City must not force libraries to give up gains

Julie Sandorf

CRAIN’S NEW YORK BUSINESS — Several weeks ago, on a frigid, unspring-like Saturday, I visited my local library, the New York Public Library’s Bloomingdale branch, to do some work.

From the moment I walked in, I was inspired. There wasn’t an empty seat in the place. Young, old, middle-aged, black, brown, white—what I saw was a coming together of the diversity of our community, working shoulder to shoulder, side by side, truly in harmony.

Everyone in Bloomingdale Library was doing something positive for themselves. This is what happens when library doors are wide open. Whether you live on Central Park West or in Frederick Douglass Houses, we all belong at the library—the only public, indoor space where all are welcomed to gather, relax, read, work, learn, discuss, improve our lives and pursue our dreams.

For the last few years, the Revson Foundation has stood with the city’s three library systems to support this wonderful mission, advocating for the reversal of years of city funding cuts and increased investment. The Invest in Libraries campaign has been an unmitigated and unprecedented success—establishing citywide six-day service, extended branch hours, increased funding that allowed more staff to be hired, and hundreds of millions of dollars in capital investment for branches across the five boroughs.

This all means more for the people of New York City: more expert staff, more time in branches, and more programming. At the New York Public Library, for example, the additional funding allowed for the hiring of 60 new librarians for children and teens, which helped generate a 105% increase in early literacy program attendance. That means more kids reading, preparing for kindergarten, and getting a solid foundation in their educational careers.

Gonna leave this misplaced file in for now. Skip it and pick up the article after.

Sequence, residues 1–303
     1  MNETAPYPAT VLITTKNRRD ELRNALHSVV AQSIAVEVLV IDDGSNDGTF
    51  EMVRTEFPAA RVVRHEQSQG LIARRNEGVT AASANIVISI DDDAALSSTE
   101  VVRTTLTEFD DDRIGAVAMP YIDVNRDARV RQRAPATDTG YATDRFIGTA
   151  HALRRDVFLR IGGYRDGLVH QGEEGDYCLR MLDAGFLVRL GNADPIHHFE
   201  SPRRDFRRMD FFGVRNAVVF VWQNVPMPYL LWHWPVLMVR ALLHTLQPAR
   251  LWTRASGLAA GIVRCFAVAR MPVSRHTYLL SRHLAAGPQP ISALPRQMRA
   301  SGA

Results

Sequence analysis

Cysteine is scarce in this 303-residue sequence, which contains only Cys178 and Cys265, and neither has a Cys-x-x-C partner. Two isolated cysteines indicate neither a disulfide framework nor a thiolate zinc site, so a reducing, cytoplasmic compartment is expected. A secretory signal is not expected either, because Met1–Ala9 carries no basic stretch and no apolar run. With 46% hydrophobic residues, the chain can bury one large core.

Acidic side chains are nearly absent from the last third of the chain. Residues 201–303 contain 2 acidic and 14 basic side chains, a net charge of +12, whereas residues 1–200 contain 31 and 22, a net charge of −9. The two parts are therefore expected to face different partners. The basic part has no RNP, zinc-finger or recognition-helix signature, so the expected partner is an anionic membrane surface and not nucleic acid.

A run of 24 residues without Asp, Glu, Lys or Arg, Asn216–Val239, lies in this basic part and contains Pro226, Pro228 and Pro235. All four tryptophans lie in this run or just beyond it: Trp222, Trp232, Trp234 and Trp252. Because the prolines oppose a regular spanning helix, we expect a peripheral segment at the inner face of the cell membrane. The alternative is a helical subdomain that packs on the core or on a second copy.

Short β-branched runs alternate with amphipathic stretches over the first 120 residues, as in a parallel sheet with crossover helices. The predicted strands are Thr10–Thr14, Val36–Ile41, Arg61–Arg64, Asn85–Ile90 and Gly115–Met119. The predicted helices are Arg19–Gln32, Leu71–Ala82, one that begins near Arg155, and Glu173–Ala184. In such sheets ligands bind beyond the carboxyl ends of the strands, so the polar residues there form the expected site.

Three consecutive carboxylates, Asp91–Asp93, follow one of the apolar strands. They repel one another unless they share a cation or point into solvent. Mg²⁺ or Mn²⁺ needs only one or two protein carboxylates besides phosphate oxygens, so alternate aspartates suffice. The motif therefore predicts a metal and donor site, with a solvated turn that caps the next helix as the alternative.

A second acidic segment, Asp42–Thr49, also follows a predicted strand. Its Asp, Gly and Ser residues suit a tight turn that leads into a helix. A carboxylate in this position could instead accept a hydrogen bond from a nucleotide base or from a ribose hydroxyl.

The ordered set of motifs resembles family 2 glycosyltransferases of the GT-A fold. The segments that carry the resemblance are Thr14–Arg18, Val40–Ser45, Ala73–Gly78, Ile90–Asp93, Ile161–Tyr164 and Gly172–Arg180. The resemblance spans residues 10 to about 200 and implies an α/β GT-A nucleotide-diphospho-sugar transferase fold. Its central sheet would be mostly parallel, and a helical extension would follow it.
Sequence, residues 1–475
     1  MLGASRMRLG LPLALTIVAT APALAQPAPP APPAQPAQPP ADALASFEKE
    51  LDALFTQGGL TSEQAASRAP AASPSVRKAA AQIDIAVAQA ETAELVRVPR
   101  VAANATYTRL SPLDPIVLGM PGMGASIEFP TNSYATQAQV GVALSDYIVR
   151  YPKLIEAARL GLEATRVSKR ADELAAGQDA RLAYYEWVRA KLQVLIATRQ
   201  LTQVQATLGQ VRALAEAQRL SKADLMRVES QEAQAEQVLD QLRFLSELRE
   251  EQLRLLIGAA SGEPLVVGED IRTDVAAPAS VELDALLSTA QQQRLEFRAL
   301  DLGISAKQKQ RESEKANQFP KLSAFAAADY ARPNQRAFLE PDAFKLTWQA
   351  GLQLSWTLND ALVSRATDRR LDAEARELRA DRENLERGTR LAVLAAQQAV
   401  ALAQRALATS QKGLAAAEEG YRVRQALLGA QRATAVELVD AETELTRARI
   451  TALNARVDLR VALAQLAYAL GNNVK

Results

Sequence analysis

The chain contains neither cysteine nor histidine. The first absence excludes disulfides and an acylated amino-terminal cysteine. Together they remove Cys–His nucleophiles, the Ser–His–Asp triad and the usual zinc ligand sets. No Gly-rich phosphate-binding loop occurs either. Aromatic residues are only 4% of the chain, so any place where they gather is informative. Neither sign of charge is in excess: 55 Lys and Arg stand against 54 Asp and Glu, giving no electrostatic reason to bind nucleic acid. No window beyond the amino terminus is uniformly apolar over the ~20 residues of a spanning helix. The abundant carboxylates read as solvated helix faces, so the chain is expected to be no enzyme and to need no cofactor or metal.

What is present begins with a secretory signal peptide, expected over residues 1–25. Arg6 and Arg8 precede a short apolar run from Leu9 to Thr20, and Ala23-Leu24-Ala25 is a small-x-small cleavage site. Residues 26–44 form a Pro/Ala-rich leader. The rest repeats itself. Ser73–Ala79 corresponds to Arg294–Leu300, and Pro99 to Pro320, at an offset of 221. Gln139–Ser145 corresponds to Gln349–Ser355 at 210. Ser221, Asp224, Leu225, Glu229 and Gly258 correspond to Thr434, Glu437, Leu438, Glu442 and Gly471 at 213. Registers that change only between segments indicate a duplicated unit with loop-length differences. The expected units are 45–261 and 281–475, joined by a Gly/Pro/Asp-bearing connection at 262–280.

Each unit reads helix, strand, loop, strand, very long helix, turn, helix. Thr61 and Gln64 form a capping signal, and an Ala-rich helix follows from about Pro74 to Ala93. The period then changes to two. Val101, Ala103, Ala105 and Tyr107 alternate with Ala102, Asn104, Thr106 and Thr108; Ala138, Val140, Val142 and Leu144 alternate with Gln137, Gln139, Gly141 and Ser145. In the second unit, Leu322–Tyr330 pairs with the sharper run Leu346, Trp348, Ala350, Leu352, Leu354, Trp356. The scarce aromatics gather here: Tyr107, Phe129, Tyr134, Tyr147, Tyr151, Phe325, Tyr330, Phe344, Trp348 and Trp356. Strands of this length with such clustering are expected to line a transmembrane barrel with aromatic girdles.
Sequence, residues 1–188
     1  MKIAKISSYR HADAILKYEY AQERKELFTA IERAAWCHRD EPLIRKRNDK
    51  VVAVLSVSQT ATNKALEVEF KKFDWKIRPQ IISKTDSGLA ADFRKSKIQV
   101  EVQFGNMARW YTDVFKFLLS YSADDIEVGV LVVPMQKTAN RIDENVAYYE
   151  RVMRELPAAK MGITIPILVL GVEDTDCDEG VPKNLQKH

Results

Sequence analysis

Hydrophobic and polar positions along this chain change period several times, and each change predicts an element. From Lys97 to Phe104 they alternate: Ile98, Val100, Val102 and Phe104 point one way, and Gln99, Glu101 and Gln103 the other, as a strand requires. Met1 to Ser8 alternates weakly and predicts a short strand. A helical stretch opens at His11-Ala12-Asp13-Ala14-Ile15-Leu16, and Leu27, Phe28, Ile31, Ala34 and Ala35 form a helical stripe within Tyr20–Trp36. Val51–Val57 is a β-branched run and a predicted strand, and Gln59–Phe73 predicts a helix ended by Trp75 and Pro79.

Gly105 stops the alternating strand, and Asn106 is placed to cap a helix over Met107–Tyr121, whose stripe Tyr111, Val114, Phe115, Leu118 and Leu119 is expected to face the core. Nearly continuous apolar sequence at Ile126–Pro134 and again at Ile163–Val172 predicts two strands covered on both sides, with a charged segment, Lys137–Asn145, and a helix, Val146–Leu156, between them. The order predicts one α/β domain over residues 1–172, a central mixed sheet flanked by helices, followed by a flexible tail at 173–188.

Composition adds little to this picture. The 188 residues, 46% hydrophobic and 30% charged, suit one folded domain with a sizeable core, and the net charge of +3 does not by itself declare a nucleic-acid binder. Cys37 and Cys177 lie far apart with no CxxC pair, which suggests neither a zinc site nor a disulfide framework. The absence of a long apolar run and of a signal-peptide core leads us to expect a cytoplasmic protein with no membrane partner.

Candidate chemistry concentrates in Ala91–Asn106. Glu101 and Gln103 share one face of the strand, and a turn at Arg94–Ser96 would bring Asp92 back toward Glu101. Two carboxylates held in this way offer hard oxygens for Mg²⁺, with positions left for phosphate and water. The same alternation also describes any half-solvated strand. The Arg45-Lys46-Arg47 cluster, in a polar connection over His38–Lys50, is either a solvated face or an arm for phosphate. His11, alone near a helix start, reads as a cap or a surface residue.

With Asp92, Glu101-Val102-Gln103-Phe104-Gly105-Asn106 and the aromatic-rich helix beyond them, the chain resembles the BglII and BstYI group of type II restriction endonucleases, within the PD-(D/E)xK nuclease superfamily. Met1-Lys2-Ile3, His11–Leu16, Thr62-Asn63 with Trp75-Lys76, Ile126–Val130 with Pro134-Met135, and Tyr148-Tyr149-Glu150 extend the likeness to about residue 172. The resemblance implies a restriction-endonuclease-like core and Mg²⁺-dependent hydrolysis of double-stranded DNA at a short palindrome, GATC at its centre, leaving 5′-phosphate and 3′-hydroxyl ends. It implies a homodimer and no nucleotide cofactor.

The communities of this city are stronger when our libraries are stronger, and the last few years prove that.

Unfortunately, rising costs have placed the libraries in a difficult position in fiscal year 2019, which begins July 1. Paid family leave and increased minimum wage are wonderful, important initiatives, but the reality is the libraries need to cope with those cost increases. The city’s three systems need $16 million in additional funding to maintain their current levels of service. If the city can’t invest that relatively small amount, libraries will need to make tough choices, evaluating hours, collections, important repairs and other services.

In other words, without that funding, the next time someone wants to visit a branch on a chilly Saturday, it could be locked. Or the book that someone needs may not be available because not enough copies could be purchased. Or a program that a family relies on will no longer be offered.

This is not the time for trusted, safe, important institutions to be cut back. They should be made stronger than ever. The city’s budget has ballooned to over $89 billion in this coming fiscal year. Finding $16 million to ensure that libraries are held harmless should be a priority, especially as the value per taxpayer dollar is absolutely the best bang for the buck in the budget. If New York City does not keep investing in libraries, New Yorkers will be left out in the cold.

Julie Sandorf is president of the Charles H. Revson Foundation.

View the entire article at Crain’s New York.